1000 Books: Jez Alborough

In honor of Children’s Book Week, I thought I’d mention a favorite author my son and I have discovered through our project of reading 1000 picture books together: Jez Alborough. Alborough has fun, quality picture books. Some rhyme. Some have a precious little gorilla that reminds me of my own little monkey boy. Most are ridiculous and imaginative.

The Bobo books are my personal favorites. Bobo the gorilla sure reminds me my own little toddler (at least, the toddler of a few months ago). Like young kids, he may not always talk a lot, but he sure knows what he wants as he looks at the world around him.

In Hug, he starts to feel sad because all the other animals are hugging their mommies. When his mommy comes and gives him a hug, he feels happy and can go give the other animals hugs too! My son loves to give hugs, so he relates to this book very well. I always get a hug from him.

In Tall, Bobo feels tall when he compares himself to animals but then, of course, there is always an animal larger. He tries to be taller and taller by standing on tall animals. In the end, he realizes he likes being small because then he’s his mommy’s gorilla.

There is, apparently, one more Bobo book that has somehow missed my attention. It’s called Yes. According to Alborough’s site, Bobo is a pretty happy boy, always saying yes, until bath time. My son loves bath time, but we’ll still have to find this because he, too, loves to say “Yes!”

Alborough’s Duck books are probably the most well known. These were the first books we found. In each, Alborough has a rhythmic rhyming story about how Duck tries to save the day, and Duck’s solutions usually cause additional problems much to our amusement. Of the stories, I think Duck in a Truck is my favorite, but Fix-it Duck and Super Duck were also some of the first we found. Hmm. Can’t I just name them all? (According to Alborough’s site, there are still a few we haven’t yet found! I must remedy that!) My son’s favorite at this point (age 2 ½) is the non-traditional lift the flap book Duck’s Key: Where Can it Be? Frog keeps hiding Duck’s key and by lifting the flap, we can find it. My son loves telling Duck “There it is!” on every page.

The Bear and Teddy books are also fun. Eddie has a teddy bear named Freddy. In Where’s My Teddy?, Eddie sets out to find his teddy bear, only to find a huge teddy bear. That huge teddy bear belongs to a huge child-aged bear. I like the rhyming story (a pleasant read aloud) and my son thinks it is silly and fun. It’s the Bear! is a bit more scary, I think, because the bear sees Eddie’s picnic, and Eddie is afraid he’ll be eaten. He’s not, of course, and the bear runs off just as scared as Eddie. The series is nicely rounded out by My Friend Bear in which the boy and the bear actually meet, through their teddy bear friends. It’s nice to be able to show that the two have been misunderstanding each other all along: they can be friends after all.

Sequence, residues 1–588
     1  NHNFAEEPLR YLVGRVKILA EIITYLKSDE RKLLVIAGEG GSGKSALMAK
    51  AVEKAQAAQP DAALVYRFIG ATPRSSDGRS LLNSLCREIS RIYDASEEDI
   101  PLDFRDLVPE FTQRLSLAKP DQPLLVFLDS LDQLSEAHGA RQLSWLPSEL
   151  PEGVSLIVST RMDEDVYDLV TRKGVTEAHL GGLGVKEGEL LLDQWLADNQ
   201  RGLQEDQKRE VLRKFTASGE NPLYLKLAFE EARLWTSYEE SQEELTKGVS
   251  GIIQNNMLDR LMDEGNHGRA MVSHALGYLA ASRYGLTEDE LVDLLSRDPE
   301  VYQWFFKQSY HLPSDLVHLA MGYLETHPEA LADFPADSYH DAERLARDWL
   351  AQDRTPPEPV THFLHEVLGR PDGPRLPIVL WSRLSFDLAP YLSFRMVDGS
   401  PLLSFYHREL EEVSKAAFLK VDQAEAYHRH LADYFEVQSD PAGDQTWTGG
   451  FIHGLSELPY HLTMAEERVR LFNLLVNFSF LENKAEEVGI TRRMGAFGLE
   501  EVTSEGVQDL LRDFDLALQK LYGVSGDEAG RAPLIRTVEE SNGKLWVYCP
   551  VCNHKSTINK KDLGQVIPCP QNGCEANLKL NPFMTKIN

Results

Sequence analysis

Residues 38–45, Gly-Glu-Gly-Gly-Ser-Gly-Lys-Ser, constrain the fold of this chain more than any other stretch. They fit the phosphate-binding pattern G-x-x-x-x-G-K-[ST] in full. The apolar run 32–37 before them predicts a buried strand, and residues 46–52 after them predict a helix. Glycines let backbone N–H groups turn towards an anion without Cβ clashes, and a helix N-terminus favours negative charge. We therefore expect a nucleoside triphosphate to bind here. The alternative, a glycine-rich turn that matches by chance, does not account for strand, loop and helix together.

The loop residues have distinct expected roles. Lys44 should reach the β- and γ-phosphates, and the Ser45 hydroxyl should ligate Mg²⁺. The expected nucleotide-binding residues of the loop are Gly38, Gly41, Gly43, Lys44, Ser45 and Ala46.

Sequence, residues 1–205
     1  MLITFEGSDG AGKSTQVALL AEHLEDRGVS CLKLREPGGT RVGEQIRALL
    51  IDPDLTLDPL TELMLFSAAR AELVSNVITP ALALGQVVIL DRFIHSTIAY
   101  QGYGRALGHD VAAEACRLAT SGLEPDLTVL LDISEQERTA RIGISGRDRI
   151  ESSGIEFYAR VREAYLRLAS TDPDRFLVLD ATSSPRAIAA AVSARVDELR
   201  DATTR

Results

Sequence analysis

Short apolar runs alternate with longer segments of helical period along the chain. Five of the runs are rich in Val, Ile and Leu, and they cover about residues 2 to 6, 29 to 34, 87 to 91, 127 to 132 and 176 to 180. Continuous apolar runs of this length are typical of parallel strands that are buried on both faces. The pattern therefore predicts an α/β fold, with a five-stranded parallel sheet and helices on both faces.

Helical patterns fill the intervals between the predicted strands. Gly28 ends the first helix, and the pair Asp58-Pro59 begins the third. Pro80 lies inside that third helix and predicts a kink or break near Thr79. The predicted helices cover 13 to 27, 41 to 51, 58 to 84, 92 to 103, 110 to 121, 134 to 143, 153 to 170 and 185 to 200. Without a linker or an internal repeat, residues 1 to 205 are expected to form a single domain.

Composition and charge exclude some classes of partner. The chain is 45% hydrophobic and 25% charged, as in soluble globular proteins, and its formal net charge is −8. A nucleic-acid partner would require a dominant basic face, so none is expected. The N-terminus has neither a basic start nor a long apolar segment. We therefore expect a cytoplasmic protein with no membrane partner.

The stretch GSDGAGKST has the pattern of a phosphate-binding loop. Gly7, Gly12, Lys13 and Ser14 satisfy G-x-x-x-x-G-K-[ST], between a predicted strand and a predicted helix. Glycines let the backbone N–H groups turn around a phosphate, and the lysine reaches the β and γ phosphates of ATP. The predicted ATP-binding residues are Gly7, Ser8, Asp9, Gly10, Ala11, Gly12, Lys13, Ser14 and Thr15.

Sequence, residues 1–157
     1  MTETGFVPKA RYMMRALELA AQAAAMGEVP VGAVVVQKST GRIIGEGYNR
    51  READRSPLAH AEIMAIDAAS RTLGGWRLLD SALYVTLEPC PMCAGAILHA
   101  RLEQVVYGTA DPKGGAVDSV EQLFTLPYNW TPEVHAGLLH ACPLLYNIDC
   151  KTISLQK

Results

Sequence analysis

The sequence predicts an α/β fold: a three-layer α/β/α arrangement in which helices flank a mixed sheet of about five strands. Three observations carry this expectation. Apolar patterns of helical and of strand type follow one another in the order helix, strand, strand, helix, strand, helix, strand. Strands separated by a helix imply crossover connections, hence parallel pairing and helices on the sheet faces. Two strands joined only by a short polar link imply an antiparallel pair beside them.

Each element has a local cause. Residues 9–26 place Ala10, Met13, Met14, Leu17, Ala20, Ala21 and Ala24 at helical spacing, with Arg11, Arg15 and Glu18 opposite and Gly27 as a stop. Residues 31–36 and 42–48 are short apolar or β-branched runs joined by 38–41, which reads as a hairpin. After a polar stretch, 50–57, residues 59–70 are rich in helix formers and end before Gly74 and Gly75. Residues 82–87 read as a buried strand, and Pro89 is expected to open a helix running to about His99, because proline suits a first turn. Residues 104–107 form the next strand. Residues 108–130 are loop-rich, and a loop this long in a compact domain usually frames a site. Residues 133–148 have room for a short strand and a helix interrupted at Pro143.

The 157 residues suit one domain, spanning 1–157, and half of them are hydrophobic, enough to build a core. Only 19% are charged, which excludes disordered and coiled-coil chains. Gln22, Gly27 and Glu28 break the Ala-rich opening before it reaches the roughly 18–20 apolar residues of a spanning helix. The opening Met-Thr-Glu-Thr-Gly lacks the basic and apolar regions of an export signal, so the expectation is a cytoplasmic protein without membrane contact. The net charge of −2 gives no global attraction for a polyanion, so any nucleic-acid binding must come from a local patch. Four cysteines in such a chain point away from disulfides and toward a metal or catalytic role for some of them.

Yesterday at the library, we also found Some Dogs Do, which is a whimsical story of a dog who discovers he can fly. He must come to realize what he can do despite the teases of his doggy peers. It’s an inspiring, if odd and cheesy, story of our own abilities, and I love the art work in particular in this book.

While Alborough has a few other non-series books, I have not yet read them all. I’ll just also mention Watch Out, Big Bro’s Coming, which is a good example of how telling a story without knowing the facts can cause mix ups.

I should mention that besides all these great stories that Alborough writes, I love Alborough’s artistic style. Some Dogs Do is elegantly painted, the Bear stories are more pointillist (except for the boy’s face, which is cartoony), and the Duck and Bobo stories look like illustrations. I am not an art expert, so I know that sounds amateur. But I really like his ways of capturing each series, and I look forward to find the few books we haven’t yet read. Each series is slightly different, but it’s always sure to be a hit!

For more about Jez Alborough, visit his website. There are coloring pages and details about upcoming books as well.

What are you reading with your kids this week? Are you doing anything special in honor of Children’s Book Week?


About the author 

Rebecca Reid

Rebecca Reid is a homeschooling, stay-at-home mother seeking to make the journey of life-long learning fun by reading lots of good books. Rebecca Reads provides reviews of children's literature she has enjoyed with her children; nonfiction that enhances understanding of educational philosophies, history and more; and classical literature that Rebecca enjoys reading.

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